Example Dataset 6: Highly expressed human genes in vascular smooth muscle cells of patients with giant cell arteritis (GCA).
[ precomputed result 6 ]

Human diseases can be characterized by phenotypic abnormalities described with human phenotype ontology (HPO) terms. For example, GCA has been described by Groza, et al. (2015) with the human phenotypic terms, vasculitis (HP:0002633), granulomatosis (HP:0002955), amaurosis fugax (HP:0100576), facial palsy (HP: 0010628), renal amyloidosis (HP: 0001917), dysphagia (HP: 0002015), trismus (HP: 0000211), and encephalopathy (HP: 0001298). Accordingly, we customized a phenotype, “giant cell arteritis (GCA)“, by combining the above seven HPO terms. The gene set provided in this example contains genes with a processed expression signal > 8 in at least one of the vascular smooth muscle cell samples analyzed from GCA patients (downloaded from GSE63425 of NCBI GEO). The analysis conducted by modPhEA showed that this gene set is enriched with the customized term, “giant cell arteritis (GCA)“ (P < 10-3).  

REFERENCES

Coluccio, A.E., et al. (2008) The yeast spore wall enables spores to survive passage through the digestive tract of Drosophila. PLoS One, 3.

Groza, T., et al. (2015) The Human Phenotype Ontology: semantic unification of common and rare disease. Am J Hum Genet, 97, 111-124.

Heslot, H., Goffeau, A. and Louis, C. (1970) Respiratory metabolism of a "petite negative"yeast Schizosaccharomyces pombe 972h. J Bacteriol, 104, 473-481.

Khaitovich, P., et al. (2004) A neutral model of transcriptome evolution. PLoS Biol, 2, 682-689.

Marinotti, O., et al. (2005) Microarray analysis of genes showing variable expression following a blood meal in Anopheles gambiae. Insect Mol Biol, 14, 365-373.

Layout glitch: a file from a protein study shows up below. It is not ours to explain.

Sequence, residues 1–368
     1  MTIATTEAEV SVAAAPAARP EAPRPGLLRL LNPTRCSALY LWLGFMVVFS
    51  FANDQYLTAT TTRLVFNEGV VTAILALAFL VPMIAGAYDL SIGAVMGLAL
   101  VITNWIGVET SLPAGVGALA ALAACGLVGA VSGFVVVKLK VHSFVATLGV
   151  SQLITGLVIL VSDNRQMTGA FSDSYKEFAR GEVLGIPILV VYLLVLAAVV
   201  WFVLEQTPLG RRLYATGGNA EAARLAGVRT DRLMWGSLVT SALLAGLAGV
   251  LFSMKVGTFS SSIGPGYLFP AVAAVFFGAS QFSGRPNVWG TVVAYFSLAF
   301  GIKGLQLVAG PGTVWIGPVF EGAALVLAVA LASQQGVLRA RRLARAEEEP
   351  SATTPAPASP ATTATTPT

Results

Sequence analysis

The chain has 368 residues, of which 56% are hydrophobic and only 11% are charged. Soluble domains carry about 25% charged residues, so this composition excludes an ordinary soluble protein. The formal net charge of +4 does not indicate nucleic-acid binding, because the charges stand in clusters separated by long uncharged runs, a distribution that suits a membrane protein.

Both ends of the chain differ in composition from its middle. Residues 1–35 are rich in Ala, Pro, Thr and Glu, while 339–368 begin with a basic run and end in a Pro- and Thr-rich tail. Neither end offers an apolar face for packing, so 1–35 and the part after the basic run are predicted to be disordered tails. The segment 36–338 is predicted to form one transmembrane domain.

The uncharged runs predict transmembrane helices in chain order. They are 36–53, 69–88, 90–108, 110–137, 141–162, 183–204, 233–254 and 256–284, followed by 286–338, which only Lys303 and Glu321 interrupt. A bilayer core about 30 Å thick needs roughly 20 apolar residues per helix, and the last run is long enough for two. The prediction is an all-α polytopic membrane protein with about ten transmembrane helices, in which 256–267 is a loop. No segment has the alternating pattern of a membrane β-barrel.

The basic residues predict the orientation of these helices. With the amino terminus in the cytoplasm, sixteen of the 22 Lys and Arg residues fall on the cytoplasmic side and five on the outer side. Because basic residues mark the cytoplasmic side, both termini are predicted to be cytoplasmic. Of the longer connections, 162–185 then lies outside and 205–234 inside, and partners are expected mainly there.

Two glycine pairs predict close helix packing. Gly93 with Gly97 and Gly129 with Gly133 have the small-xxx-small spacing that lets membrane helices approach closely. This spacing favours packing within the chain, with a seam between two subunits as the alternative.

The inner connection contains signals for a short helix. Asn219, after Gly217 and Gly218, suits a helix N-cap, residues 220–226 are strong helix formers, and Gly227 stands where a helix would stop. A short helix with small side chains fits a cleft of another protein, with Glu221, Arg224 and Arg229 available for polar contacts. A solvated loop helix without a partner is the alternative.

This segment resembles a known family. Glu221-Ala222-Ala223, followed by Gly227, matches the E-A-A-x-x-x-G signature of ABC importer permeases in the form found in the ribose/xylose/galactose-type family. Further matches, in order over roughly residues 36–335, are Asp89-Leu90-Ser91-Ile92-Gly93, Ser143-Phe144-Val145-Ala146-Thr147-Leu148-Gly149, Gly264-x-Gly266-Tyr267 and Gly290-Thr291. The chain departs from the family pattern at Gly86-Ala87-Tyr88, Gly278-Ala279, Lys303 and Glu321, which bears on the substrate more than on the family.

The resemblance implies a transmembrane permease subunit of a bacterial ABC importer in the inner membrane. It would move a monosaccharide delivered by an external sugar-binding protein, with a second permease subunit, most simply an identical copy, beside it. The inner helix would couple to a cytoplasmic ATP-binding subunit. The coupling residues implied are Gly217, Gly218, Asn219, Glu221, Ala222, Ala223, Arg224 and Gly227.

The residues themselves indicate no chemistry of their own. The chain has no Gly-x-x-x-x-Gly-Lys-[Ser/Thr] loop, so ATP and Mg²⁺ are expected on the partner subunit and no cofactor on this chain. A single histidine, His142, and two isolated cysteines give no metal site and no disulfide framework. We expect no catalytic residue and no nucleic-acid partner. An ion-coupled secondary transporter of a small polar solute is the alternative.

Meng, F., et al. (2013) Evolution of the eye transcriptome under constant darkness in Sinocyclocheilus cavefish. Mol Biol Evol, 30, 1527-1543.

Mlakar, J., et al. (2016) Zika virus associated with microcephaly. N Engl J Med, 374, 951-958.

Mysorekar, I.U. and Diamond, M.S. (2016) Modeling Zika virus infection in pregnancy. N Engl J Med, 375, 481-484.

Ohno, S. (1970) Evolution by gene duplication. Springer-Verlag, New York

Ortiz, M.A., et al. (2014) A new dataset of spermatogenic vs. oogenic transcriptomes in the nematode Caenorhabditis elegans. G3 (Bethesda), 4, 1765-1772.

Pacheco, O., et al. (2016) Zika virus disease in Colombia - preliminary report. N Engl J Med.

Qian, W. and Zhang, J. (2014) Genomic evidence for adaptation by gene duplication. Genome Res, 24, 1356-1362.

Rasmussen, S.A., et al. (2016) Zika Virus and Birth Defects--Reviewing the Evidence for Causality. N Engl J Med, 374, 1981-1987.

Schrimpf, S.P., et al. (2009) Comparative functional analysis of the Caenorhabditis elegans and Drosophila melanogaster proteomes. PLoS Biol, 7, e48.

Tang, H., et al. (2016) Zika virus infects human cortical neural progenitors and attenuates their growth. Cell Stem Cell, 18, 587-590.

van der Linden, V., et al. (2016) Congenital Zika syndrome with arthrogryposis: retrospective case series study. BMJ, 354, i3899.

Weng, M.-P. and Liao, B.-Y. (2011) DroPhEA: Drosophila phenotype enrichment analysis for insect functional genomics. Bioinformatics, 27, 3218-3219.

Yang, J.X., et al. (2016) The Sinocyclocheilus cavefish genome provides insights into cave adaptation. BMC Biol, 14.

Zhang, J. (2003) Evolution by gene duplication: an update. Trends Ecol Evol, 18, 292-298.